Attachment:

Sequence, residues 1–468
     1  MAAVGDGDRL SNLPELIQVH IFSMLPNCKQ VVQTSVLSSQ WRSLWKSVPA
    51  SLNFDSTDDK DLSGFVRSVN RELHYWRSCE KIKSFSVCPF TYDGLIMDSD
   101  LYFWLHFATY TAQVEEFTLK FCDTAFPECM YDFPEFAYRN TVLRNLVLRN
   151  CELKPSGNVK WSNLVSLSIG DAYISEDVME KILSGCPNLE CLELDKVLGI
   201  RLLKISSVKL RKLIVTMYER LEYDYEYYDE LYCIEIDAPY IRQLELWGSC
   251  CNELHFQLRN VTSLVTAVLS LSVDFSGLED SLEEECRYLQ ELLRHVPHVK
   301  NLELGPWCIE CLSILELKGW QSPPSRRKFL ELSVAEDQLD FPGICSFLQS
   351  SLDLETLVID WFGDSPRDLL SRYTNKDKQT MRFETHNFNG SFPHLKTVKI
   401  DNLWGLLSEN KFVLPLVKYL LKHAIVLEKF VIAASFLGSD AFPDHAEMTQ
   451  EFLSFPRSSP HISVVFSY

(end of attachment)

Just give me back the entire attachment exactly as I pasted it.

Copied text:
Sequence, residues 1–468
     1  MAAVGDGDRL SNLPELIQVH IFSMLPNCKQ VVQTSVLSSQ WRSLWKSVPA
    51  SLNFDSTDDK DLSGFVRSVN RELHYWRSCE KIKSFSVCPF TYDGLIMDSD
   101  LYFWLHFATY TAQVEEFTLK FCDTAFPECM YDFPEFAYRN TVLRNLVLRN
   151  CELKPSGNVK WSNLVSLSIG DAYISEDVME KILSGCPNLE CLELDKVLGI
   201  RLLKISSVKL RKLIVTMYER LEYDYEYYDE LYCIEIDAPY IRQLELWGSC
   251  CNELHFQLRN VTSLVTAVLS LSVDFSGLED SLEEECRYLQ ELLRHVPHVK
   301  NLELGPWCIE CLSILELKGW QSPPSRRKFL ELSVAEDQLD FPGICSFLQS
   351  SLDLETLVID WFGDSPRDLL SRYTNKDKQT MRFETHNFNG SFPHLKTVKI
   401  DNLWGLLSEN KFVLPLVKYL LKHAIVLEKF VIAASFLGSD AFPDHAEMTQ
   451  EFLSFPRSSP HISVVFSY